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insomniac

Nauticam WWL-1 Lens / Buoyancy Collar Review

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I thought I should start a thread dedicated to the Nauticam WWL-1. We've discussed this in other / less appropriate topics and it's time it has a one dedicated to it. I want to start off by saying that although I know own both the Lens and the Collar I have yet to be underwater with them (first trip planned to Socorro in June, followed by a cold water (drysuit/dry gloves) trip in Sept to BC, Canada).

 

My first impression is that this will be a really nice product, as long as you don't plan on changing the lens out during the dive. It's virtually impossible to access the red release switch on the bayonet mount with this collar installed. Maybe if you could attach a string / fishing leader or something similar to the red button to pull on it to release it easier). But it definitely very difficult to do (on land with bare hands)... Also, you can barely make out the white guide marks once the collar is installed. Since I have trouble doing this on land, I can only imagine what it would be like underwater.

 

I tried on a pair of my dry gloves (on land) and it was impossible for me to activate the release switch. This was somewhat upsetting as my cold water trips involve shots that are both wide angle and macro on the same dive (ie: Nudibranchs / Giant Pacific Octopus / Lion's Main Jellyfish). This means, if I want to use the collar, I will have to accept only using one lens per dive. And even for warm water, with bare hands the odds of me switching out lenses will most likely be more trouble than it's worth...

 

Also, it took me a while to attach the two little screws that hold this in place; I struggled for a good 15 minutes before I finally used the flash light on my phone to figure out why it wasn't lining up and then persuaded the hole in the foam to come close to lining up with the hole in the lens. I am sure I will get better at it in time; but I don't see myself removing it and putting it back on more than necessary.

 

This means if I want to use both the CMC and WWL-1 lens on the same dive, my only real choice will be to deal with the added weight of the lens without the collar installed. The collar is supposed to relieve about 1.5 pounds of weight (making it about 5oz negative while attached), so I am sad that they cover the release switch with this design. I almost with they would have made it less buoyant while still retaining the ability to easily swap out lenses while on the dive. Maybe this is the plan with the aluminum version of the collar they are working on. I'll report back to this thread in a few months after I have actually experienced it underwater.

 

Nau-WWL-Float-5.jpg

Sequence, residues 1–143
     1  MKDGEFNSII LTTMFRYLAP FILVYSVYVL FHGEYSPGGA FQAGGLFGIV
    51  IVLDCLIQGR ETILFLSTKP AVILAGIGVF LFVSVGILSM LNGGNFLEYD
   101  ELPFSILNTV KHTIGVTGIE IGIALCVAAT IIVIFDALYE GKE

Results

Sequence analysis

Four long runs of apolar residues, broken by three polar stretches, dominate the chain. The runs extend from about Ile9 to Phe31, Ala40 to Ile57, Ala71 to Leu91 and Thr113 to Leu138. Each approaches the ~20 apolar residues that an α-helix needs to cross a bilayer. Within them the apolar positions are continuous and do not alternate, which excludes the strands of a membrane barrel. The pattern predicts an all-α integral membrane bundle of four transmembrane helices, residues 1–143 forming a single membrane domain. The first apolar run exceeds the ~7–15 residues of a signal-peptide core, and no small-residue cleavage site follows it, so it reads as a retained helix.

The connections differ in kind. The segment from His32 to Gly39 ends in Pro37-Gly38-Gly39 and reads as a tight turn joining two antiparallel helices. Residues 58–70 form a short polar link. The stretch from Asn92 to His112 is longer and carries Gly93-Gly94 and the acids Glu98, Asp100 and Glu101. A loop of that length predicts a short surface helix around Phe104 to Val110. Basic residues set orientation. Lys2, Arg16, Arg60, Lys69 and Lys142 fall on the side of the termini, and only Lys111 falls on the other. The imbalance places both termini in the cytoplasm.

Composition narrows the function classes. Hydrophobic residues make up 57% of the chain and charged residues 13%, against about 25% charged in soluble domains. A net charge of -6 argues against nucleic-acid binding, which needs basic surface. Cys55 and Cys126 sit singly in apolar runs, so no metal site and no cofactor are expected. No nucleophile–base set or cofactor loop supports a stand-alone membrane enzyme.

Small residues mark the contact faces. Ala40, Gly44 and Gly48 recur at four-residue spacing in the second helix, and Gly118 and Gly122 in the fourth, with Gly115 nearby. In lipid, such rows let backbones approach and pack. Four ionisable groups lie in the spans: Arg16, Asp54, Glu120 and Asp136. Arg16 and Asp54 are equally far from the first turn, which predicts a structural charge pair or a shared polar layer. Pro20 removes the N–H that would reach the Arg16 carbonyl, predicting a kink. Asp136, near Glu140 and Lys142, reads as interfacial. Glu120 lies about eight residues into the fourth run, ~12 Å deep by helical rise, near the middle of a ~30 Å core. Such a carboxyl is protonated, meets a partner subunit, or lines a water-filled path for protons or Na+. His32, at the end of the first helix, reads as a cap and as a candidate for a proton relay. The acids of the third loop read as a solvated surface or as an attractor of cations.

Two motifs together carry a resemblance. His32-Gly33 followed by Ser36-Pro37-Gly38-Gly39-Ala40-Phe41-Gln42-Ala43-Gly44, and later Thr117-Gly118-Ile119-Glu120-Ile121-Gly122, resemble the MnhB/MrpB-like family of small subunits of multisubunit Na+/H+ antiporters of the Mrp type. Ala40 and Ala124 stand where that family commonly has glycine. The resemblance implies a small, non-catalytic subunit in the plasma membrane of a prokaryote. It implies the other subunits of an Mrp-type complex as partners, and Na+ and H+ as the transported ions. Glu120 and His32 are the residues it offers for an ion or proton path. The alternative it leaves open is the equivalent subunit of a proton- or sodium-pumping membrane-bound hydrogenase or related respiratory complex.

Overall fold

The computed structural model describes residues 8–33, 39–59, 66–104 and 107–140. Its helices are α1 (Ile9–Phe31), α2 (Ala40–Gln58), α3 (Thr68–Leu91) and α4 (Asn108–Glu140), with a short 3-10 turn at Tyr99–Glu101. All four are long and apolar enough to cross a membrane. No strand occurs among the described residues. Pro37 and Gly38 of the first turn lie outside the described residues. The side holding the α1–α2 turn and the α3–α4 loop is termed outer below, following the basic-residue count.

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Despite my better judgement; I might actually take a hot wire to this and attempt to cleanly notch out the area where the bayonet mount release is located so can reach it with my finger with dry gloves on.

 

Anyways, there is a chance will never get used in the water before I go destroying it... $50 is expensive for a piece of foam; but cheap when it comes to scuba camera gear, so I might just try it...

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Ok, so instead of cutting into my foam; I think I will be drilling a tiny hole into my red plastic bayonet mount release lever/button and running a small diameter wire through it. I tested out releasing the lens with a GoPro tether I had laying around, and it worked surprisingly well. But with it just looped around, it could easily fall off the red button underwater. I think if I drill a tiny hole through the button and run an inch or two of stainless wire (ie: fishing leader line / go pro tether) terminated to a stainless steel keychain ring it will be low profile enough and still really easy to release (even with dry gloves on), but not so easily that it will accidentally release...

 

One other thing I noticed; the lens cap is dang near impossible to remove once this float is installed. You can't get the surface area/grip on it and it fits really tight... I ended up putting on a pair of "grippy" gloves on to get a better grip and still could barely remove it. Once thing is for certain, it certainly makes using the lens more difficult; but hopefully it's worth not having 22 oz of negative weight hanging off the front of my compact camera...

 

Here's some pics for those interested:

 

IMG_5650.JPG

 

IMG_5651.JPG

 

IMG_5652.JPG

 

IMG_5653.JPG

Edited by insomniac
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Great thread!

 

I've been using the WWL-1 with the LX100, primarily for video and really like the results..

 

I will be posting some results soon.

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Has anyone tried the Stix buoyancy collar ? It uses a velcro strap to secure it to the lens. Might be more versatile.

 

I used one on my old Gates video housing with superwide lens.

Edited by ronscuba